After a few minutes, I felt like trying again. This time, I could move into the exercise much more easily, the confusion and pain was gone, and my femur simply slid into place, going almost all the way down correctly where before I could only go about 25% of the way before being pulled off track.

That felt pretty huge to me. I have been abstractly aware for a long time that that leg contained some measure of my own sense of vulnerability, but being intellectually aware only goes so far. Having a skilled practitioner ask me to move in a very specific way that confused me, and allowing myself to experience my own vulnerability within that confusion, THAT might get me somewhat farther. I hope so, anyway; I’d really like to ride my bike to work again.

I’ll keep you posted. bk

Healers on Healing

Wednesday, January 19th, 2011

I finally started reading this book a client gave me 10 years ago (I can’t believe it took me this long, but there it is) called Healers on Healing last night. One of the writers, Serge Kahili King, has a really lovely way of describing health. A couple of passages you might find interesting:
“…Let’s call health ‘a state of harmonious energy’ and healing ‘to harmonize and energize’. For sickness/illness/disease we’ll use the word ‘disharmony’, and for that which causes such a condition we’ll use the word ‘distress’, meaning excessive stress or tension.
…Basically there are only two things we can do about distress: either remove what is being resisted, or cease resisting it (change the reaction). All healing methods, even the spontaneous ones of the body, use one of these two methods…an ordinary individual uses the first method when he or she puts out a fire to avoid getting burned, while a nonordinary individual might use the second method and alter his or her body so that the fire doesn’t produce a burn.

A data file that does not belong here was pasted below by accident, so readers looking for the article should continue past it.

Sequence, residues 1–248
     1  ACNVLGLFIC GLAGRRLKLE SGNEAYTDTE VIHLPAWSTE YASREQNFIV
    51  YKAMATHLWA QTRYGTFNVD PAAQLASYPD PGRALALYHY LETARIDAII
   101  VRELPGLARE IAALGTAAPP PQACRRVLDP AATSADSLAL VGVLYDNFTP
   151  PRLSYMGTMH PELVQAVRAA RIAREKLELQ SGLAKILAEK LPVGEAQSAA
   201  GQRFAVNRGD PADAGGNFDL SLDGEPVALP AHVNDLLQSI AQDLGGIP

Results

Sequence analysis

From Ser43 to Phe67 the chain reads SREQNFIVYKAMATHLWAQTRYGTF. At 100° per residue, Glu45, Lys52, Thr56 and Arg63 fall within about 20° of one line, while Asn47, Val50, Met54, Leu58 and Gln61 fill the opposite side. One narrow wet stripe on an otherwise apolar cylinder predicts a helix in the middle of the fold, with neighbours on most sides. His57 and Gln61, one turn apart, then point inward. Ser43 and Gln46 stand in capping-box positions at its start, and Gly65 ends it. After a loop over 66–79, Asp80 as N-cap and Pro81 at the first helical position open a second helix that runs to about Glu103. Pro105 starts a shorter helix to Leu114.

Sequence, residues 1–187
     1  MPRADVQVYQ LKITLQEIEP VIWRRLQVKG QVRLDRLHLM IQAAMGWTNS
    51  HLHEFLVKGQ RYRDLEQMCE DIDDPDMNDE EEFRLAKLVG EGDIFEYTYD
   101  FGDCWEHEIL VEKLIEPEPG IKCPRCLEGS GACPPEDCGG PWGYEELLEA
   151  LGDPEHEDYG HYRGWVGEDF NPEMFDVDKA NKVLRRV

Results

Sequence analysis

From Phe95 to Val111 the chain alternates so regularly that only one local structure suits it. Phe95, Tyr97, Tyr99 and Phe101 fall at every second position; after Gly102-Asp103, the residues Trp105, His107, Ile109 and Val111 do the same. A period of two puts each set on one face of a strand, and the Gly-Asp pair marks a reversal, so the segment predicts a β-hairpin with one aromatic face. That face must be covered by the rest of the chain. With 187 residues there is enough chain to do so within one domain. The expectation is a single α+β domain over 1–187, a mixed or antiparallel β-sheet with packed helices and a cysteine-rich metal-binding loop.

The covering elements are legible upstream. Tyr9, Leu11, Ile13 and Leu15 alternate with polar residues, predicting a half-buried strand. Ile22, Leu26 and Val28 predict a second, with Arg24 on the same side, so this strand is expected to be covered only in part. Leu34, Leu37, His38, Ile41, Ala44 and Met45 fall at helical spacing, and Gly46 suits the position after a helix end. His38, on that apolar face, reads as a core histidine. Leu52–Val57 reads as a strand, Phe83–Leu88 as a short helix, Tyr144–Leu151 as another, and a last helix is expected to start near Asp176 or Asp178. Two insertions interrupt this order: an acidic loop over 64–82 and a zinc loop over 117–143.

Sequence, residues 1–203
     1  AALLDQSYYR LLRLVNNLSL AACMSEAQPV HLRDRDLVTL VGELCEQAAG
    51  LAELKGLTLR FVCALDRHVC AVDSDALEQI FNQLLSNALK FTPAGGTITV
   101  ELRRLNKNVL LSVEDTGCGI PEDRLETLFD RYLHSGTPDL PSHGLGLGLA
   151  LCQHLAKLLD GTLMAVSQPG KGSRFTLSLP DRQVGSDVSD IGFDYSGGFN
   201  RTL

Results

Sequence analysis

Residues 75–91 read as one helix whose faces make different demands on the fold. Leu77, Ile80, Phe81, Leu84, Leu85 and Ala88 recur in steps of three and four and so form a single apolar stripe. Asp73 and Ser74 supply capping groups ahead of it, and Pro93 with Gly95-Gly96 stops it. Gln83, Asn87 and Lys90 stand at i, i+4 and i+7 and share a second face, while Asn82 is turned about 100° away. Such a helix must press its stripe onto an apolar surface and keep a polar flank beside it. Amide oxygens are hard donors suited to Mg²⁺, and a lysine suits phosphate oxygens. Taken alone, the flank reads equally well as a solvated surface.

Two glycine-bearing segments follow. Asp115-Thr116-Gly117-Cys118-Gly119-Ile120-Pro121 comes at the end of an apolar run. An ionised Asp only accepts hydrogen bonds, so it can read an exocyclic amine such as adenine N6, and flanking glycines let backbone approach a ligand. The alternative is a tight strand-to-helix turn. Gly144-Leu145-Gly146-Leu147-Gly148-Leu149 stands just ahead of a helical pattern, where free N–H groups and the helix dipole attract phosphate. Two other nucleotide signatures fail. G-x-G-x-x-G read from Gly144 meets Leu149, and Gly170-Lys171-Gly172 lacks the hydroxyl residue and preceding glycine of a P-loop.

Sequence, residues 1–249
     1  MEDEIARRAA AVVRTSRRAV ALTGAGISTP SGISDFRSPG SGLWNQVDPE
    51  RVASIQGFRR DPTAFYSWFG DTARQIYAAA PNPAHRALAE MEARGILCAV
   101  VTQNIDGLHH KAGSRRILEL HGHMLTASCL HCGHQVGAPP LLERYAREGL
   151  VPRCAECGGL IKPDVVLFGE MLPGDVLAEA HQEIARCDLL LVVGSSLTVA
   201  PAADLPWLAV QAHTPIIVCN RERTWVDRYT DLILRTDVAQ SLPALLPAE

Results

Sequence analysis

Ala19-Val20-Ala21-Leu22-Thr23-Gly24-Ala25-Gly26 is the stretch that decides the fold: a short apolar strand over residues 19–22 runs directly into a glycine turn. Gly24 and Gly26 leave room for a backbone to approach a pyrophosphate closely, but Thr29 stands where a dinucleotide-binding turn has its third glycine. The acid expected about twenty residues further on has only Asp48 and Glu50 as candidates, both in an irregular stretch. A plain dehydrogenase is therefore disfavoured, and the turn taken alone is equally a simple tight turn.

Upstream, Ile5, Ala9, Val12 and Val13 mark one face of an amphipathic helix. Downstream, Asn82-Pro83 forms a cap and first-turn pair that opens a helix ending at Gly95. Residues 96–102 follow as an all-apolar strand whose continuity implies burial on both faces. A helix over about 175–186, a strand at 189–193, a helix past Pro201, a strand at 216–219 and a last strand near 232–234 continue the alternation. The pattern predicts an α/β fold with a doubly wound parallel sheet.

…I am convinced that health is a natural state of harmonious energy that gets covered up or inhibited (disharmonized) by distress. Remove the excessive stress by action or reaction and health appears, because it was there all the time just waiting to manifest.”

The gift of Presence

Monday, September 20th, 2010

One of the things I was taught in both massage school and my Structural Integration training was that when emotions come up for people during bodywork, the best thing that you can do for them is just to be with them, without judgment. This sounds so simple, but for the longest time I just had no idea what they were talking about. I wanted to make things better for people, not just “be” with them while they felt bad. I could see, when watching my teachers (Neal Powers, Peter Melchior) in S.I. training, that there was something going on beyond where they put their hands and how hard they pushed, and I got that it was their Presence that really helped move things for their models, but how to cultivate that presence? It seemed so elusive, and I was so distracted and restless.

Turns out, I needed to have a lot more of that kind of presence offered to ME first; I needed to experience the grace of someone just holding the energy of the room so that I could touch the edges of my own sensations without feeling like I was going to blow up the world with what I felt. Once I got comfortable with some of my own discomfort, this sense of Presence started to feel a lot more available to me.